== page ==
Deforestation has dramatically reduced the extent of tropical forests in Bolivia and in the world. Destruction of tropical forests accounts for 20% of all carbon emissions produced by human activity in addition to the loss of biodiversity, impacts on water supplies and health and reduced opportunities for socio-economic and cultural development.
A recent publication conducted by the Tacana Indigenous People's Council (CIPTA) and the Wildlife Conservation Society (WCS): "Deforestation scenarios in the Greater Madidi-Tambopata Landscape", shows that the expansion of agriculture and forest conversion to pasture, are the main causes of forests loss, and its conservation depends essentially on local capacities of land management, in other words planning of current and potential land use, institutional strengthening and project implementation for sustainable management of natural resources.
The study focused on the area located along the road from San Buenaventura to Alto Madidi (north of Ixiamas) and where Madidi National Park and Natural Area of Integrated Management and the Tacana Indigenous Territory converge. GIS and spatial statistical analysis were used to analyse the correlation between geographical conditions and loss of forest cover during a historical period (2005-2010) as well as during a projection in the future to 2021. Determinant factors were also included in the analyses: land ownership, land management and improvement of road infrastructure, allowing the comparison of deforestation in areas with and without land management.
Three possible deforestation scenarios were modelled: 1) Base Scenario to 2021 in the absence of land management efforts, using historical deforestation rates (2005-2010) in the area outside of the Tacana Indigenous Territory 2) Improved Road Scenario to 2021, using historical deforestation rates (2005-2010) along the Yucumo-Rurrenabaque road and 3) Land Management Scenario to 2021 using historical deforestation rates (2005-2010) within the Tacana Indigenous Territory.
The results of the study reveal that the lowest percentage of deforestation, of only 0.5% per year, occurs within the Tacana Indigenous Territory, in a scenario with land management even in areas within the indigenous territory that are found along the road from San Buenaventura to Ixiamas. The highest rate of forest loss corresponded to the area along the road between Yucumo and Rurrenabaque, with 3.7% per year, while the strip between San Buenaventura and Alto Madidi, in areas of private property and of migrant farmers, presented a rate of 2.3%.
Using these historical deforestation rates, the study projected deforestation between 2010 and 2021. The scenario modelling concludes that Tacana land management will avoid forest loss over 230,842 hectares between 2010 and 2021. In addition, a spatial analysis of the areas that would be deforested in the absence of Tacana land management shows that it would avoid impacts on Madidi National Park and Natural Area of Integrated Management, along the foothills of the Andean piedmont. This protected area is essential for conservation of biodiversity and the headwaters of over a hundred streams that provide water to the entire Iturralde province. Moreover, impacts to Ixiamas Municipal Protected Area would be avoided, an are where you find the highest diversity of birds and plants in the world, and also one of the highest densities of jaguars.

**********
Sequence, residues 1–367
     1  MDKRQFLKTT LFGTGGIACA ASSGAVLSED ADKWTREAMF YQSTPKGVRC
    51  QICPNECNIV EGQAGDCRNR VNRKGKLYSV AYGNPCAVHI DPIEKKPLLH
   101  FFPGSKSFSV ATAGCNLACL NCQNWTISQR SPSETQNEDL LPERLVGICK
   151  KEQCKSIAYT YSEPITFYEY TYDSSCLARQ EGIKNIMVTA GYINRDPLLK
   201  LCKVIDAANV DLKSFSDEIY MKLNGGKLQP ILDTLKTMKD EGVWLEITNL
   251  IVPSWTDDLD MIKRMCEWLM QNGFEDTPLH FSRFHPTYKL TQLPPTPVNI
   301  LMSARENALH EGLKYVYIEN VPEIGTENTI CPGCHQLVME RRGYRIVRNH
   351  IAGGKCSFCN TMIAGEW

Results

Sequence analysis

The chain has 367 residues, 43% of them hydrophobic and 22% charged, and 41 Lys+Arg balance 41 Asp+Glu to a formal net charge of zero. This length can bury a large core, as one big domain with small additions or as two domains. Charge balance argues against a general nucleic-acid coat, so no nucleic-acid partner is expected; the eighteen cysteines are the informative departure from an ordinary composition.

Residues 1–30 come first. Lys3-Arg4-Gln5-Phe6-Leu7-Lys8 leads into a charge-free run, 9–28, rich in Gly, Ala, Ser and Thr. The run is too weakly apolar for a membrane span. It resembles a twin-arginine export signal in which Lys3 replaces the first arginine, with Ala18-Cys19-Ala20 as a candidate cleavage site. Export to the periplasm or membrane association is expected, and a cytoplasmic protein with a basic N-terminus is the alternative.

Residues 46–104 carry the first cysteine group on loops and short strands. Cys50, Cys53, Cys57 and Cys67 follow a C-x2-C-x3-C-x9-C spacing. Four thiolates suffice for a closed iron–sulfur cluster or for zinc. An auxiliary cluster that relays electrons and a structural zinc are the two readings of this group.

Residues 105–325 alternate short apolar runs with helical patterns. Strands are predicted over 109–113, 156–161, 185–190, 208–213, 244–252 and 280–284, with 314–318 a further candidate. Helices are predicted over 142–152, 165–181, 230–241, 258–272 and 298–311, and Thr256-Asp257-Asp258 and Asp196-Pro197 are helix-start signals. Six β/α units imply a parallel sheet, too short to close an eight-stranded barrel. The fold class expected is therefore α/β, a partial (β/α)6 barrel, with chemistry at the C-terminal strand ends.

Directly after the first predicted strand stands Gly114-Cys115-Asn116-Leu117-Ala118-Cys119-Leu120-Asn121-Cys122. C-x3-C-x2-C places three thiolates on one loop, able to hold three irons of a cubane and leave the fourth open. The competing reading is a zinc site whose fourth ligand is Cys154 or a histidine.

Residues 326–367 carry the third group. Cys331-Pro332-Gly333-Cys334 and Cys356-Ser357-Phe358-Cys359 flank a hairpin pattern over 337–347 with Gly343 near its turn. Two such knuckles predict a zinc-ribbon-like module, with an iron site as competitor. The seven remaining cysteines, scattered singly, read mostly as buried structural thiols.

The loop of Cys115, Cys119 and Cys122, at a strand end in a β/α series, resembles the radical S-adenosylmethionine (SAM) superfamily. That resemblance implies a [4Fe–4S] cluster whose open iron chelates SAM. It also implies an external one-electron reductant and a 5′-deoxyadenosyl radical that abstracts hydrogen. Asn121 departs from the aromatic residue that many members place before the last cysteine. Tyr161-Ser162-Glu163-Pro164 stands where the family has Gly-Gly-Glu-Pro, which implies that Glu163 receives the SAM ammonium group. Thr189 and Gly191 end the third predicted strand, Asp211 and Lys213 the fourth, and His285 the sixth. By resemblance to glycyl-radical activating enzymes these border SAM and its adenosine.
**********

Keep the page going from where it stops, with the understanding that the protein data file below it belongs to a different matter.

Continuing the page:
Tacana land management also protects deforestation of connectivity corridors between Madidi protected area and the Tacana Indigenous Territory. These corridors are critical for maintaining wildlife populations, especially endangered species at the continental level with large spatial requirements, such as the jaguar (Panthera onca) and white-lipped peccary (Tayassu pecari) as well as for the sustainability of subsistence hunting by indigenous communities.
Furthermore, deforestation would also be avoided in areas at risk of erosion on the last foothills of the Andes and along the course of main rivers and streams of the Iturralde province in areas susceptible to flooding.
The Tacana people have rights of tenure over their territory, granted by the Bolivian state, and have developed skills for internal regulation of land management and natural resources, that has helped to prevent overexploitation and destruction of the collectively owned forest, while allowing the development of various productive activities to ensure sustainable livelihoods of the indigenous communities.
This study proves that indigenous participation is critical for mitigating climate change through the reduction of emissions from deforestation. It also presents information on the value of the forest for the control of environmental risks and a baseline that will allow comparing over time the effectiveness of mitigation measures associated with the road project and the effectiveness of indigenous land management and protected areas as alternatives to ensure integral long-term management of the forest.